Prices of over 300 drugs set to fall
Prices of many "essentials drugs" such as ibuprofen, paracetamol and insulin injections are likely to fall as a ministerial panel has recommended price control for 274 more drugs, a move that has not gone down too well with the pharma industry.delhi Updated: Sep 28, 2012 01:07 IST
Prices of many "essentials drugs" such as ibuprofen, paracetamol and insulin injections are likely to fall as a ministerial panel has recommended price control for 274 more drugs, a move that has not gone down too well with the pharma industry.
A group of ministers, led by agriculture minister Sharad Pawar, Thursday proposed for 348 drugs, up from the present 74, to be brought under the National List of Essential Medicines (NLEM).
The proposal will be sent for the cabinet's approval within a week. If accepted, it will bring the pricing of around 60 % of the medicines sold in India —worth of Rs. 30,000 crore annually — under government control.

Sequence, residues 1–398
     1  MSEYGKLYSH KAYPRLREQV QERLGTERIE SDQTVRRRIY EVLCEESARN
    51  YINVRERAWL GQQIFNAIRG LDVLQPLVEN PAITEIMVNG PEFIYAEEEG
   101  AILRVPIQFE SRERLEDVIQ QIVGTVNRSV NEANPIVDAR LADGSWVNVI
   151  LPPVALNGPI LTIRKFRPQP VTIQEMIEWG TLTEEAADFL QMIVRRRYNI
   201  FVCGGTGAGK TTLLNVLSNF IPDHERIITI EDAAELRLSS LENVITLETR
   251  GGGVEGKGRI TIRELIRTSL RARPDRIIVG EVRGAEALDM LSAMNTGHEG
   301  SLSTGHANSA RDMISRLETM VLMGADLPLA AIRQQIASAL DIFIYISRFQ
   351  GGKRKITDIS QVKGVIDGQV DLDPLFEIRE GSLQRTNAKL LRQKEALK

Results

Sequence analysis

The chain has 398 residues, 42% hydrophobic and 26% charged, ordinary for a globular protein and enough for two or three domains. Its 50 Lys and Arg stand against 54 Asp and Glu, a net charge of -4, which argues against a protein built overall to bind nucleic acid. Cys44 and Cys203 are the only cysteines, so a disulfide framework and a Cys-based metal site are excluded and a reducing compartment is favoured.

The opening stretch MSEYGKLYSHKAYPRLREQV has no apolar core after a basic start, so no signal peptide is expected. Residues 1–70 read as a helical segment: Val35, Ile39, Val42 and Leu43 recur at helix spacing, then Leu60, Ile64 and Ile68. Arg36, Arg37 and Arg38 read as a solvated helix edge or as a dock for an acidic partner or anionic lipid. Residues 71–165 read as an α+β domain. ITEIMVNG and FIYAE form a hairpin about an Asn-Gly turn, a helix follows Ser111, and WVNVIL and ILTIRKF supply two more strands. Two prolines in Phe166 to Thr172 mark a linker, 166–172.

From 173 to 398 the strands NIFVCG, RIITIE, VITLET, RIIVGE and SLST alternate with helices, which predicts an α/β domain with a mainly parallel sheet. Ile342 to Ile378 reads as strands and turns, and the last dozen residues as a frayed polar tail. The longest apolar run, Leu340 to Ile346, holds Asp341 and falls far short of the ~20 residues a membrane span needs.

“There will not be a dramatic fall in the drug prices,” said Dr Narendra Gupta of Jan Swasthiya Abhiyan (Health for All Movement). He, however, described the move as the “first right step” towards making drugs affordable.
India is the world's fourth-largest drug market by volume and 14th largest by value.
"We have broadly agreed for… entailing the use of weighted average prices for all drugs having a market share of more than 1%,” minister of state for chemical and fertilisers Srikant Jena told HT. Simply put, the price of a drug will be determined on the basis of the average price of the same drug sold by companies having 1% or greater market share.
Prime Minister Manmohan Singh constituted the GoM after the health ministry opposed the market-based pricing mechanism. The ministry backed Thursday's proposal.
But, the pharma sector is not happy.
"The industry has lost one year's growth. It will hurt all major companies, particularly the large 100 domestic and foreign companies,” said Indian Pharmaceutical Alliance director general DG Shah.
"The silver lining is that it is a balanced policy and will ensure both access and availability."